Chronowski Signs With Canadian Junior Team
Alex Chronowski has only been to Canada one time — for a short vacation.
But thanks to a new opportunity in his favorite sport, he’ll be more familiar with it soon enough.
The former Wyoming Area ice hockey standout signed with the Grey Highlands (Ontario) Hawks of the Canadian Premier Junior Hockey League for the upcoming season. He is set to make the journey north at the end of the month and meet not only his new teammates, but also the billet family he’ll be staying with while he plays.
“I’m really excited,” Chronowski said in a phone interview. “I’m just going to try playing my game that I’ve always played. It’s a physical game that I play, and I always like to stay in front of the net. Give the goalie and defenders a tough time. That’s the game I’m going to play.”
Chronowski, 19, excelled on the ice at Wyoming Area, leading the Warriors to the Casey Classic title as a senior captain in 2016. However, he expects an adjustment period with his new team for a very good reason: He hasn’t played competitive hockey in over a year.
Chronowski also excelled in track and field, swimming and tennis at Wyoming Area, and he was awarded a track scholarship to Keystone College. He attended the school last season and wasn’t able to play hockey locally at the Toyota SportsPlex or Revolution Ice Centre because of his commitments.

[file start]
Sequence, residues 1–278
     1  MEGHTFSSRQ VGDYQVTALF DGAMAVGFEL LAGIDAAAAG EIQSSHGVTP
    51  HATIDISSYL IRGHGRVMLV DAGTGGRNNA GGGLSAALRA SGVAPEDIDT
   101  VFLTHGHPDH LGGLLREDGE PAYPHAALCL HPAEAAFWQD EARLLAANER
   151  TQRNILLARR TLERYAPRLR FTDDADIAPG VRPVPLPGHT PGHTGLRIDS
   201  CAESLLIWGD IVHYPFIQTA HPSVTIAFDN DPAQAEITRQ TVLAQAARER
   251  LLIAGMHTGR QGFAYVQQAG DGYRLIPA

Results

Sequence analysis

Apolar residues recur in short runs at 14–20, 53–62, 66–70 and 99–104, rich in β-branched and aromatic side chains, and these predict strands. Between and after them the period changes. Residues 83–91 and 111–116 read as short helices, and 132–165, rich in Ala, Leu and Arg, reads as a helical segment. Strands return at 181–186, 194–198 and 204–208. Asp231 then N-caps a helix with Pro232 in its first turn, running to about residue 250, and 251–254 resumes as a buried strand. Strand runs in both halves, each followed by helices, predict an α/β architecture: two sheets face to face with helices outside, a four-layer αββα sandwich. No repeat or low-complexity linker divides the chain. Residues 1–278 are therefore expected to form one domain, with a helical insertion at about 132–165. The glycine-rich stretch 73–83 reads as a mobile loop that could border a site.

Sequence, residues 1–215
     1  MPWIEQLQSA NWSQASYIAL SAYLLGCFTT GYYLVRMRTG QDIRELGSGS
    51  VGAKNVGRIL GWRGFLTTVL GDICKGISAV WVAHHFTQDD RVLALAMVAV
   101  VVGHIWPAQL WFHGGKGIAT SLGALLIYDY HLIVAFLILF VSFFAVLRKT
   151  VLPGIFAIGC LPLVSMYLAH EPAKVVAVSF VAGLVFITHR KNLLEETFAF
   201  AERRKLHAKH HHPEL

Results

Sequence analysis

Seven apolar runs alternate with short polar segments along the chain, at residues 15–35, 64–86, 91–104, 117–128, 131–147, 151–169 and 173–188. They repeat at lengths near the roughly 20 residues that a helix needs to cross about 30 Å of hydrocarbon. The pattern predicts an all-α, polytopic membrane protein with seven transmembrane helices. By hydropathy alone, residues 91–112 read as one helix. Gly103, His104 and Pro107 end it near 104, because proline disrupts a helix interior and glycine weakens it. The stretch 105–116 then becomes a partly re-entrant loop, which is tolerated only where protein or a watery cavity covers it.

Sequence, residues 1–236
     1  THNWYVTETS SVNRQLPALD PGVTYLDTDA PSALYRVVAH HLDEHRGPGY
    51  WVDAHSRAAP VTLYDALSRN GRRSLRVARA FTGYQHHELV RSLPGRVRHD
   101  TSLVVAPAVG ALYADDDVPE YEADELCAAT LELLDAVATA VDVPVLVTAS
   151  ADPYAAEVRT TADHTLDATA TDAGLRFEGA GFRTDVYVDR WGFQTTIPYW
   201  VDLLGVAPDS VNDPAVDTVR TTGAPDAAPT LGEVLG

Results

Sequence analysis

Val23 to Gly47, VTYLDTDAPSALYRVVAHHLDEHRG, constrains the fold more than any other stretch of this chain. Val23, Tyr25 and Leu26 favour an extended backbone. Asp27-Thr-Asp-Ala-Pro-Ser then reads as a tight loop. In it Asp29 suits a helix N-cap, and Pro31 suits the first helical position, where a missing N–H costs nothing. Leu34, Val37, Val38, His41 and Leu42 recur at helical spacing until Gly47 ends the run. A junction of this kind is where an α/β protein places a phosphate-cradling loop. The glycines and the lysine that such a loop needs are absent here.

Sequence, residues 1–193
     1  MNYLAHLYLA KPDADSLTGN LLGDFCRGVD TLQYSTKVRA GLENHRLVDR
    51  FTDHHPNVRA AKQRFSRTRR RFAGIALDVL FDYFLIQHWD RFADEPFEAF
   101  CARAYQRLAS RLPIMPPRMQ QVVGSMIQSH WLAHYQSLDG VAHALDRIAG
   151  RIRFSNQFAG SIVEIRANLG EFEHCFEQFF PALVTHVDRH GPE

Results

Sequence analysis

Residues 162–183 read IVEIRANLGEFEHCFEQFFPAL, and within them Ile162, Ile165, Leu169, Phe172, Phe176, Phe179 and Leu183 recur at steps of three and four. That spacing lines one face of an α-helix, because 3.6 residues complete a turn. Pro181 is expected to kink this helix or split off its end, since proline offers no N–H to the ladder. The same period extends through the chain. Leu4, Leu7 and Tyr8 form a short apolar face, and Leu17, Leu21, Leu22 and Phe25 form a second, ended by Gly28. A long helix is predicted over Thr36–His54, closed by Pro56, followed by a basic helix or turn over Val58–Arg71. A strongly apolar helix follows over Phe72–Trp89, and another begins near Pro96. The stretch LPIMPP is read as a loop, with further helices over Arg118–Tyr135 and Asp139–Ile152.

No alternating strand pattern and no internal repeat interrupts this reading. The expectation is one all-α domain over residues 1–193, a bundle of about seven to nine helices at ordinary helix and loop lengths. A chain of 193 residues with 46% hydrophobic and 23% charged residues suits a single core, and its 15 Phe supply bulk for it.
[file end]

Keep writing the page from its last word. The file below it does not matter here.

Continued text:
“I’m expecting it to be a little more difficult to pick it back up,” Chronowski said, adding that he’s been working on his stickhandling as much as he can. “Especially with my teammates now, most of them have been playing in the offseason overseas. They might have an edge on me.”
The CPJHL is a developmental junior league currently comprised of 11 teams. According to its website, the league places an emphasis on individual skill development, and most players who participate have the goal of advancing further in their hockey careers.
Grey Highlands directly reached out to Chronowski after finding his profile on the Elite Prospects online database. After learning more about the team from assistant GM Alex Magi, Chronowski and his family were behind the move.
The decision to play hockey was a no-brainer for Chronowski. After he was adopted as an infant in Russia and moved to the U.S., he became involved in the sport soon after he turned 4 years old. Living in Exeter with parents David and Patricia and brother Tristan, he naturally was a huge Wilkes-Barre/Scranton Penguins fan.
Even after playing a handful of sports in high school, hockey was still by far his favorite. All he needed was a new opportunity.
Chronowski doesn’t necessarily see himself becoming a professional hockey player, but he said he would like to set himself up for a career in the sport — maybe as a coach, equipment manager or physical therapist.
“I’m just going to let playing hockey ride on as long as I can,” he said. “I’m just going to go out there and put all my effort into it.”
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